The thing I’ve noticed about grieving is that it’s not really a straight path to feeling better. The timetable itself can vary, obviously. It differs depending on the loss itself and it changes from person to person. A coworker of mine lost her father only a week ago. While it’s true that he hadn’t been well for a very long time (and was in the hospital for months), it still surprised me when she said, “I’m fine. I’m strong—I have his personality.” My immediate thought was, “Well, I guess I must not be strong.”
This is untrue; I am both strong and a survivor. That said, I tend to wrestle with grief (or depression, or whatever) for quite awhile before finding my way through it. I get there, but the course is long, and never straight. I take a zigzag route to O.K.
Some days I can get up and make it nearly halfway through the day before I think about my mother-in-law. Then I get slapped with it, and the sting of whatever memory intruded on my temporary peace is sharp. Other days I wake up thinking of her, and can’t shake off my sense of loss. On days like that I’m barely managing to function.
As an emotional eater, I’ve literally been wearing my grief. I keep telling myself that it’s time to get my shit together and get back “on plan” food-wise, but eating nearly always makes me feel better in the moment, even if there’s a heavy (ha!) price to pay at the end. I’m also not terribly stoic, at least outside of work. I spend more time crying than most of my family, and that’s okay. It’s part of the way I grieve, and it’s certainly less damaging than the eating.
It’s been six months since the loss of my mother-in-law, and while I no longer cry every day, it’s still several times a week. Apparently the universe likes to toy with me, because just in case I was starting to feel good about my halting progress toward emotional well-being, WHAM! My former close friend decided to exit, stage left.
When I wrote the previous blog, I was mostly zigging. I mean, I felt heartbroken and awful about her decision, but not about myself. Today I’ve unfortunately taken a sharp zag. I’m questioning everything all over again: my role in her departure, exactly long she’d wanted to cut me out of her life… helpful things like that. I actually had a nightmare in which I’d crashed her wedding and was subsequently caught, shamed and thrown out. In real life I was a member of that wedding. It seems like yesterday.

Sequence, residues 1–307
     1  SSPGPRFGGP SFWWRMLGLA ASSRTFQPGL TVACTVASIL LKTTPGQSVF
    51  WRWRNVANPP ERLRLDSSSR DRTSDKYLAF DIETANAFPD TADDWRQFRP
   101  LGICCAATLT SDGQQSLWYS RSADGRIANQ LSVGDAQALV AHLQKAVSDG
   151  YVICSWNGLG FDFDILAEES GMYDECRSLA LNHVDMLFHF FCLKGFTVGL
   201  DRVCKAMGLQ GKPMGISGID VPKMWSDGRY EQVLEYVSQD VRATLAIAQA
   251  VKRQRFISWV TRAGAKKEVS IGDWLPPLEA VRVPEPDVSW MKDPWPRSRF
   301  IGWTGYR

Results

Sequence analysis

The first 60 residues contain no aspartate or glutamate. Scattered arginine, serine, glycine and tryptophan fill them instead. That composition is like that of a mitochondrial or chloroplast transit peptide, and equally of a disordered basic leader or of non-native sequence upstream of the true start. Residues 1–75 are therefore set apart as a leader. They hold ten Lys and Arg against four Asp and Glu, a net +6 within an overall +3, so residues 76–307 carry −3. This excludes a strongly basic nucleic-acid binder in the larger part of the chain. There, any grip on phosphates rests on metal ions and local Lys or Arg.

She was there when I found out my father died, there for the births of both my children… she was in the room when my daughter was born. How the hell did we end up here? My head races in circles and I make myself crazy and miserable with questions that aren’t apt to be answered, and my heart breaks and breaks and breaks.
The memories of her are literally everywhere: clothes we bought on shopping trips together (often the same item, only hers in a smaller size), gifts she’s given me… it’s endless. Separating from a close friend feels as bad or worse than breaking up with a boyfriend. She was in my life for 20 years, and no boyfriend (other than my husband) lasted that long. When someone who has known you so well exits, it makes you question yourself. It seems like after gazing deeply at my soul for all these years, she decided she didn’t like what she saw there. It’s difficult not to let that mess with me. I’m trying not to, and I’m hoping to zig again soon, but right now I’m stuck in a zag.
A large portion of our Facebook friend lists overlap (real-life friends, not the internet-only type), so even when I’m seeking distraction online, there’s little to be found. Her friends—our friends—pop up in my feed, and their posts often have her name attached. More tears, more questions, more pain.
A friend (who actually isn’t connected) referenced the old, “It’s better to have loved and lost” adage, and while I suppose it’s true, I winced. She was like my sister… only thankfully my sister never decided I wasn’t worth knowing. While I knew we’d been growing apart, I never could have imagined this. On top of the grief, I feel betrayed, because she was someone who was supposed to be “safe,” one of the few I could always count on. My notion of safe has been rewritten.
I am in pieces, crying as I type. I don’t know how to do this, but I have no choice. Endless steps forward, but more scars from the journey.
Hey Universe, if you could let me go more than six months without a catastrophic emotional event, I’d appreciate it.